I have no problems with brake squeal on the brake jobs i do, and my service advisor will often give me other techs come-backs for squeal. It's important to wire brush the areas that the brake pad backing plate contacts, also the back side of the pads that the piston or caliper contacts. Then these areas should have a brake pad lubricant applied, I don't recommend the rubbery stuff, use a grease that is designed for this purpose. MB was having a hard time with squeal on some of the ML's, on the V8's particularly, they have a different caliper than the V6. They came out with a recommendation for a different type of brake pad grease for these trucks called Moly-Kote, there is an MB part number for ordering Moly-Kote, but the dealer should have a tube of it. The point being that this is the grease I have been using lately, so maybe the dealer can try using this stuff, instead of what they used previously, which I assume may be "nothing". I won't be able to post the part number for Moly-Kote for over a week, I'll be in MB training for brakes--Oh no wait, transmissions!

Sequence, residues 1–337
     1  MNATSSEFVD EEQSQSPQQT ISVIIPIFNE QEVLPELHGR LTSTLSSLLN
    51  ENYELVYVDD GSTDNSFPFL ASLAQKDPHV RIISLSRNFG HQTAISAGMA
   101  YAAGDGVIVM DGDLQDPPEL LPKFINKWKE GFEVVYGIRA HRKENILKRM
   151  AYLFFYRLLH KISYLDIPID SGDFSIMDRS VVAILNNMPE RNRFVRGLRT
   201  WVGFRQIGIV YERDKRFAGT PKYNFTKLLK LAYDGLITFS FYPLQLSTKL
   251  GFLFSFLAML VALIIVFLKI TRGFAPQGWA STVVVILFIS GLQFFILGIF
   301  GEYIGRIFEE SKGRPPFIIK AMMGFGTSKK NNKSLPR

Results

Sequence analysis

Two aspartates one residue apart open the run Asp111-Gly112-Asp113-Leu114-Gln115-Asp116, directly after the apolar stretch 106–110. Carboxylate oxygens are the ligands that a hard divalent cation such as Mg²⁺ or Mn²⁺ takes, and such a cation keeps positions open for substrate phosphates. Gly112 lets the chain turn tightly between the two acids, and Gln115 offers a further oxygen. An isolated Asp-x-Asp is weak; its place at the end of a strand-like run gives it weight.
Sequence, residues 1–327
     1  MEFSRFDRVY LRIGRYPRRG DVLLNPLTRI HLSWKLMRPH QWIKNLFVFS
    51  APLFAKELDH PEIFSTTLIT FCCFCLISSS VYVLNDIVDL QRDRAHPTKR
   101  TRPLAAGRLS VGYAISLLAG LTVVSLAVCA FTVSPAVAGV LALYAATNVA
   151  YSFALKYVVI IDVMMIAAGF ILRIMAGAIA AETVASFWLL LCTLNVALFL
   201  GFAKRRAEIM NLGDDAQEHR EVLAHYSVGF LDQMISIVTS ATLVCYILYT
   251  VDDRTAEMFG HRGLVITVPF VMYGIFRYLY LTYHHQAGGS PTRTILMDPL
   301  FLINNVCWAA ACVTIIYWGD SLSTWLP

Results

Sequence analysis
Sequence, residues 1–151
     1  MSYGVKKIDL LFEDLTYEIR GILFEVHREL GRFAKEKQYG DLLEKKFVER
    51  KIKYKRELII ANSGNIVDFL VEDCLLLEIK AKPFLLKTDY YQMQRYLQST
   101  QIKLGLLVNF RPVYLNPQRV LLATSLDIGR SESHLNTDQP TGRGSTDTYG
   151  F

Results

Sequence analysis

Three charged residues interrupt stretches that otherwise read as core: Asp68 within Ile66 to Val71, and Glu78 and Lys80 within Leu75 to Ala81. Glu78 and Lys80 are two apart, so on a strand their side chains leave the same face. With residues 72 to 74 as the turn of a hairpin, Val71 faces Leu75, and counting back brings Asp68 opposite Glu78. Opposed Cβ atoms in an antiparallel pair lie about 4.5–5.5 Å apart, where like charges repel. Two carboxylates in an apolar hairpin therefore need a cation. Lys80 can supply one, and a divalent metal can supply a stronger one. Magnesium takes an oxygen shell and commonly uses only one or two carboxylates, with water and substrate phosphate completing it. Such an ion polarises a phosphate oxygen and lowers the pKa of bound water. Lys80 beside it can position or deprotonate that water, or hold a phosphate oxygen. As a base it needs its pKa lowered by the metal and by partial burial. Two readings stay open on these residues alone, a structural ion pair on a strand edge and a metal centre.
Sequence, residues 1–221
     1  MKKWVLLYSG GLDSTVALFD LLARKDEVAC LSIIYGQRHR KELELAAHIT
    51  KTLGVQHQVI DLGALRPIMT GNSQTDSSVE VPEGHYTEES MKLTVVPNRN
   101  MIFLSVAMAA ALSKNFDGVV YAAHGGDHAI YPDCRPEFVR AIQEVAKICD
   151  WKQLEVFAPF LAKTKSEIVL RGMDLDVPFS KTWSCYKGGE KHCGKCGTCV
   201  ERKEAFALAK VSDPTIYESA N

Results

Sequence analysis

On MB pads, there is already a thin aluminum plate on the back that also should help with quieting the pad noise.
I agree with the previous post in regards to "bedding in" the new pads, but it's a cop-out to expect the owner to somehow do this themselves. The best bed-in procedure is to simply take the car out and do a series of hard stops, the brakes should "feel right" when you are done doing. Shouldn't take much more than a mile to do this. Don't brake so hard or so often that the brakes are overheated or fading. Brake just before the point that the ABS activates. At first you won't be able to hardly get to that point, but after a couple stops, you have to be careful to not reach the ABS intervention point, as the brakes will be quite effective.